Endothelin-1 induces extracellular matrix degradation via matrix metalloproteinases induction in human osteosarcoma cells
© The Author(s) 2004
Published: 13 September 2004
Extracellular matrix (ECM) degradation plays an important part in many musculoskeletal pathologies including arthritis and bone tumour. Matrix metalloproteases (MMPs) degrade the ECM and are thus important in the development of these pathologies. Furthermore, recent evidence suggest the existence of interactions between endothelin-1 (ET-1) and MMPs.
This study aimed at determining the effect of ET-1, Big ET-1 (the immediate precursor of ET-1) and IL-1β (a proinflammatory cytokine that induces MMP synthesis) on MMPs in order to determine the mechanism of action of these factors in chondrosarcoma and osteosarcoma cells. We have also studied the effects of the NF-κB inhibitor and the inhibitor of furine convertase that is involved in Big ET-1 maturation. Here we characterized the MMPs, ET-1 and ET-1 receptors in SW1353 and MG63 cells by western blot, zymography, northern blot, immunohistochemistry, RT-PCR, and in situ hybridization.
First, we showed that ET-1 and its two receptors (ETA and ETB) areconstitutively expressed in osteosarcoma and chondrosarcoma cells. Then, we demonstrated that both ET-1 and Big ET-1 markedly induce synthesis and enzymatic activity of MMP-2 and that enzymatic activity is significantly increased when compared with MMP-9. Furthermore, inhibition of NF-κB activation (by pyrrolidinecarbodithioic acid) blocked MMP-2 production and activity, indicating the involvement of NF-κB. Similarly, inhibition of Big ET-1 maturation by the furin convertase inhibitor abrogated MMP-2 synthesis.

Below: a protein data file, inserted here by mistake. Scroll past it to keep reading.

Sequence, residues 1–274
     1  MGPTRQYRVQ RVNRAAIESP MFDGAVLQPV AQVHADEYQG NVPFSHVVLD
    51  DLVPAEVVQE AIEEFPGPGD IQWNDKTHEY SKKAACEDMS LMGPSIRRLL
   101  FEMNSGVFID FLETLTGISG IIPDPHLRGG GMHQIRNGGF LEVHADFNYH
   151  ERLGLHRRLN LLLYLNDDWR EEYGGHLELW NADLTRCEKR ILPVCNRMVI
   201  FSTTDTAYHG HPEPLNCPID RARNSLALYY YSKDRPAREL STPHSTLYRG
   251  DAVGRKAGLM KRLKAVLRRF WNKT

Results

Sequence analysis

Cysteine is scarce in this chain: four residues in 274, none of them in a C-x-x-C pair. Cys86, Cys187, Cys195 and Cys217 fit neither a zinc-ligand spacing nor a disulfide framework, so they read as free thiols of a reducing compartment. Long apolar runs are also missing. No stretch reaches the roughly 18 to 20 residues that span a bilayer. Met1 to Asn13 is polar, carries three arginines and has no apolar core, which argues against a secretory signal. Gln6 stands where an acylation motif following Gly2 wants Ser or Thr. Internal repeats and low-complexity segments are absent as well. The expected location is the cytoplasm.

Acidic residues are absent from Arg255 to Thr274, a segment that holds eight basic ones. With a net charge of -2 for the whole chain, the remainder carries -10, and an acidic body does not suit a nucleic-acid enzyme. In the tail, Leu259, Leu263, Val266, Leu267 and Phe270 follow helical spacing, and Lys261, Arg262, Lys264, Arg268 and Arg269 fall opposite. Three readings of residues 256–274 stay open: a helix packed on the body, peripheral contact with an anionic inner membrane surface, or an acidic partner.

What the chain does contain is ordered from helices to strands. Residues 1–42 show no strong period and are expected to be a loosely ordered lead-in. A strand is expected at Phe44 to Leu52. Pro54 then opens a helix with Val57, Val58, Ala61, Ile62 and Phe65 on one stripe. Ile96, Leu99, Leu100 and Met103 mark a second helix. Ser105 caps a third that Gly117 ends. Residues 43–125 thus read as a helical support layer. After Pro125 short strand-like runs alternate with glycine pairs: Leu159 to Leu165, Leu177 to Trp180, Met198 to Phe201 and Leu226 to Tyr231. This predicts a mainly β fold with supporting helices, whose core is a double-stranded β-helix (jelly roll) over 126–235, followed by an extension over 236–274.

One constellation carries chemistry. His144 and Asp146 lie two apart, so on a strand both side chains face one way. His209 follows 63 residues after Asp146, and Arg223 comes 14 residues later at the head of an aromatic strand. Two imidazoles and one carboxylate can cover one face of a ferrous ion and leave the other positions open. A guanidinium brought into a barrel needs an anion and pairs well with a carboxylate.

ET-1 and as its immediate precursor Big ET-1 can be considered as autocrine factors contributing to the activation of MMPs, thus favouring ECM degradation. MMPs, particularly MMP-9 and MMP-2, are hyperexpressed in chondrosarcoma and osteosarcoma cells. Their production is stimulated by ET-1, Big ET-1 and IL-1β while it is diminished when the NF-κB and furine convertase pathways are inhibited. Our study provides new insights on the catabolic role of ET-1 in ECM degradation. Thus ET-1 could be involved in diseases where ECM destruction is caused by an excess of MMP, including bone tumour, degenerative and inflammatory articular diseases. In an attempt to diminish this degradation, it would be beneficial to propose a double inhibition of both ET-1 receptors and MMPs.
Supported by the MENTOR program of the Canadian Institutes of Health Research.